|| 要旨トップ | 目次 |||日本生態学会第66回全国大会 (2019年3月、神戸) 講演要旨
一般講演（口頭発表） E02-05 （Oral presentation）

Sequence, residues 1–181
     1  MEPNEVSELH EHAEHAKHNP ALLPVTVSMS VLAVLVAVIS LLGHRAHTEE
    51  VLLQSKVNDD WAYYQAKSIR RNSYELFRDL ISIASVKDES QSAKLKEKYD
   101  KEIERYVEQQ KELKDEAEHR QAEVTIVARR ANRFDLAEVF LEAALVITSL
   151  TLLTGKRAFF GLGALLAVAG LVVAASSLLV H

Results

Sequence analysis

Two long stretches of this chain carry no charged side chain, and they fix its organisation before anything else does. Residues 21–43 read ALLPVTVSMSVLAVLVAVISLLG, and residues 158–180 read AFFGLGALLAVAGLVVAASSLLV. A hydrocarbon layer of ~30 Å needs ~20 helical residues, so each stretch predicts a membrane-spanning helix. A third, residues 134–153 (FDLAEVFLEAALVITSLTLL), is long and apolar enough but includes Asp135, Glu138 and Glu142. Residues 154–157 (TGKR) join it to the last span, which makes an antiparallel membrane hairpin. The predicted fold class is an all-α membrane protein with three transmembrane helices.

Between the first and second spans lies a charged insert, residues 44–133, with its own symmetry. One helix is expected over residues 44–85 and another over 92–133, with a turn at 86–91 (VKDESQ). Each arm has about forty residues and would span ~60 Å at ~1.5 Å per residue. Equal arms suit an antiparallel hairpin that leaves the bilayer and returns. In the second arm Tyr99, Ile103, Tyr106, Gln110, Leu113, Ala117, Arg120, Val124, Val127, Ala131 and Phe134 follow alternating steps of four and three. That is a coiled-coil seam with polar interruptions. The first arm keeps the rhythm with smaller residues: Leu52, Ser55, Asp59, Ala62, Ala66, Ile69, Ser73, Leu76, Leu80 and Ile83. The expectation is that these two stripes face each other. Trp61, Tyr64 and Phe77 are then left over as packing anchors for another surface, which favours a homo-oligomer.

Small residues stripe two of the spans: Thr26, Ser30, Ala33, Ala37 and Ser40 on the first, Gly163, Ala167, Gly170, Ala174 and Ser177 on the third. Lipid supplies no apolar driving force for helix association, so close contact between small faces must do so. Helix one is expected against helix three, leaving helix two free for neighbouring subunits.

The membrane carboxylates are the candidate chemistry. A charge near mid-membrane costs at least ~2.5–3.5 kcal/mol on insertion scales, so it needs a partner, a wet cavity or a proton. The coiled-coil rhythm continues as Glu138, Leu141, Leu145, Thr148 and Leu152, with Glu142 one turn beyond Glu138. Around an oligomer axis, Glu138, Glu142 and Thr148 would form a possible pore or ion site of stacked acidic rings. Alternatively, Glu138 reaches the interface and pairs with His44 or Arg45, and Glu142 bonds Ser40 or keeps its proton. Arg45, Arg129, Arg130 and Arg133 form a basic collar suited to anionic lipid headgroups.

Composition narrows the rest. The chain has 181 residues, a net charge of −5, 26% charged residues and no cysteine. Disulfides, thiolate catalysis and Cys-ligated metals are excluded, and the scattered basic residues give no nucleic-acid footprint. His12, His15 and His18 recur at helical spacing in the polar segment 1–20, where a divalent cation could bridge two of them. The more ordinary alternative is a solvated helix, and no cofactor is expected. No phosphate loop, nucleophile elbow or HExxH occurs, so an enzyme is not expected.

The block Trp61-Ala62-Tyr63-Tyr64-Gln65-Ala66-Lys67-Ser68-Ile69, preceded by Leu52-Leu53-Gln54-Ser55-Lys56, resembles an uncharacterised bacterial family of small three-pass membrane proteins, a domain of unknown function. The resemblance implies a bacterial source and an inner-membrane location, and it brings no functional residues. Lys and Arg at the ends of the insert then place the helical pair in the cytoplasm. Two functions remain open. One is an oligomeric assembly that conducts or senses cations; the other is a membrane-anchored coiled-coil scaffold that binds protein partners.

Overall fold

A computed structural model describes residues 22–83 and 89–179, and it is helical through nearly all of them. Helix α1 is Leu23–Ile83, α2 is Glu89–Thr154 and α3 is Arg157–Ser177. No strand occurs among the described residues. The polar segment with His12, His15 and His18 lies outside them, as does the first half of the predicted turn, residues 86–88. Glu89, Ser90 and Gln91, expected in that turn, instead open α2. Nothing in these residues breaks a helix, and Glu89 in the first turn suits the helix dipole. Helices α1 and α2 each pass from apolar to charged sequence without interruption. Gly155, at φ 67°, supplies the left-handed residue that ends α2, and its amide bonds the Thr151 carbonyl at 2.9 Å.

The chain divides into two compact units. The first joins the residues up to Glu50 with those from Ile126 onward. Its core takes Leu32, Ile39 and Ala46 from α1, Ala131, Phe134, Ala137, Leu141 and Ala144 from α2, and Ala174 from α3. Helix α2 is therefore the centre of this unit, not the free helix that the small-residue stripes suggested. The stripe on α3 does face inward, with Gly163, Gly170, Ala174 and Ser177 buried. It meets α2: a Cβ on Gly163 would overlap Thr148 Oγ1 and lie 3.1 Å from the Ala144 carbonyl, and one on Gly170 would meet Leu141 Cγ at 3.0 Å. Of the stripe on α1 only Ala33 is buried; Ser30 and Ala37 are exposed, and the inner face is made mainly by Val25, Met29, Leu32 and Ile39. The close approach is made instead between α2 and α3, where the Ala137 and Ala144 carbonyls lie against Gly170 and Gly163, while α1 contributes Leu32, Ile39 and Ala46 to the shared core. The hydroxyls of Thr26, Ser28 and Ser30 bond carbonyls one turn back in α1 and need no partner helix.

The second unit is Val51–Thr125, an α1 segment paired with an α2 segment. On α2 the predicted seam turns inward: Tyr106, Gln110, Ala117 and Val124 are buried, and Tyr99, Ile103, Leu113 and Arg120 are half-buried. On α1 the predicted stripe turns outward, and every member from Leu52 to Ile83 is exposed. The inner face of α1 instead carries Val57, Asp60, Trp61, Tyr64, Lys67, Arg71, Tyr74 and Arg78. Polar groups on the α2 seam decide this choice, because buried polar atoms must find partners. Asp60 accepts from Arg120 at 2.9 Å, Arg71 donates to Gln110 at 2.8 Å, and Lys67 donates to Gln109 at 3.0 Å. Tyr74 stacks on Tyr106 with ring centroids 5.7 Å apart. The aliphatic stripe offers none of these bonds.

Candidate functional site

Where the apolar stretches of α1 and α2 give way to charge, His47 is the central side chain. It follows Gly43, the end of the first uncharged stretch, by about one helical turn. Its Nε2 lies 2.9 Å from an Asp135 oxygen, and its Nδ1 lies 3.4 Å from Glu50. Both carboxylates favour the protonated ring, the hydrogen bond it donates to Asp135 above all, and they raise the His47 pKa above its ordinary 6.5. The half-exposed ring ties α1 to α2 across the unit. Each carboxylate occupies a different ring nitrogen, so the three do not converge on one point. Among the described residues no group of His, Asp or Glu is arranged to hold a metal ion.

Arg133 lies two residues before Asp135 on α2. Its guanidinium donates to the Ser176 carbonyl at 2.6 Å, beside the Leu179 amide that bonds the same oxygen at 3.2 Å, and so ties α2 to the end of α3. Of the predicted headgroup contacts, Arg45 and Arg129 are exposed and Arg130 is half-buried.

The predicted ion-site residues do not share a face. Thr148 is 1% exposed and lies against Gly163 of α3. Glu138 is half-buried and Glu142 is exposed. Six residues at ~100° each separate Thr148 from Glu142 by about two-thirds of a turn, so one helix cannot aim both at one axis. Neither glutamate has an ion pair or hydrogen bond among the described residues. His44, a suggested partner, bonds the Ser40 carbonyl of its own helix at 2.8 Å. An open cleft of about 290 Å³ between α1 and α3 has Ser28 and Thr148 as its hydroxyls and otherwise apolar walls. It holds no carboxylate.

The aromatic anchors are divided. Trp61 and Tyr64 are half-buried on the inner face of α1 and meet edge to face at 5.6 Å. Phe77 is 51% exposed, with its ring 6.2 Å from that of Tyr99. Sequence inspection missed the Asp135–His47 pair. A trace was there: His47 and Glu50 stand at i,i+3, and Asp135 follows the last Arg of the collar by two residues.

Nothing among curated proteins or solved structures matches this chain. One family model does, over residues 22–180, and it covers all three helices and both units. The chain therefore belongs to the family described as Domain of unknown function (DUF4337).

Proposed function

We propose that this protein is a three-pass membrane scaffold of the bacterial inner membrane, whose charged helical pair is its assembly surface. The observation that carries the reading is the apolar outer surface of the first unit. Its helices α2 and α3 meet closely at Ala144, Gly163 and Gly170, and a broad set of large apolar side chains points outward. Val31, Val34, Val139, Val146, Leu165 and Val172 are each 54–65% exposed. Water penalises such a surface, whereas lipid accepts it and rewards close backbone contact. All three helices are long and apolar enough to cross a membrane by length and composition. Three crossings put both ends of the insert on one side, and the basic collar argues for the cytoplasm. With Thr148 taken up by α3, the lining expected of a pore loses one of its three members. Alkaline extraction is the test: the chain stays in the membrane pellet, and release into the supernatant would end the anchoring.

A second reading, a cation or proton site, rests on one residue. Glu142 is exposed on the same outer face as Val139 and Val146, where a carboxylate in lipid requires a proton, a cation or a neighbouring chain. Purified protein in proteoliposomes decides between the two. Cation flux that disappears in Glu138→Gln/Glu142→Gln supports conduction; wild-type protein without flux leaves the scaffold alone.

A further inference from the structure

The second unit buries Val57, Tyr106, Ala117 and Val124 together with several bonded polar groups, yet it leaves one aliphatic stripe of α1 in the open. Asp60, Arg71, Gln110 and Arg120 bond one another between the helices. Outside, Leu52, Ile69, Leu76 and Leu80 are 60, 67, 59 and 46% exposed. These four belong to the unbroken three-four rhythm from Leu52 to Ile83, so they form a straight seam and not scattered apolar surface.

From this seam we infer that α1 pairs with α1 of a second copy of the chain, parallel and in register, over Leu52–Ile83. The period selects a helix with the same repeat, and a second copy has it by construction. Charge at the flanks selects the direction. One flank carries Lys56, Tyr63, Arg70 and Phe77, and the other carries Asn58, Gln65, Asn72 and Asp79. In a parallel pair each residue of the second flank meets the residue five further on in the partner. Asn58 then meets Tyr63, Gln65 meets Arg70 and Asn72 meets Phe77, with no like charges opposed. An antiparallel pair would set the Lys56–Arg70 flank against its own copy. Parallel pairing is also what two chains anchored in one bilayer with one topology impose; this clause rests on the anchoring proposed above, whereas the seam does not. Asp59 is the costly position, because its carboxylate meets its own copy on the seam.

Many organisms are multicellular and thus changes ecological niches during development (ontogenetic niche shifts). Theoretical studies have shown that ontogenetic diet shifts can undermine the stability of stage-structured food webs when all interactions were assumed to be antagonistic (predation). Meanwhile, real ecological communities include not only antagonistic predation but also mutualism or competition (hybrid community). Further, the type of interspecific interactions may change because of ontogenetic niche shifts. At present, however, how these ontogenetic changes in the interaction types would mediate the stability of “stage-structured hybrid communities” remains unclear. To address this issue, I overview the dynamical features of two community modules for stage-structured hybrid communities: (i) consumer-mediated ontogenetic antagonism–mutualism coupling, wherein juveniles and adults of a consumer species utilize different resources as antagonists and mutualists, respectively, and (ii) resource-mediated ontogenetic antagonism–mutualism coupling, wherein juveniles and adults of a resource species interact with antagonistic and mutualistic consumers, respectively. Notably, in both cases, an ontogenetic change in the interaction type between antagonism and mutualism increases the community stability. Further studies are needed to integrate the theories for stage-structured food webs and non-structured hybrid communities, and to establish the stage-structured hybrid community view, for a better understanding of biodiversity mechanisms.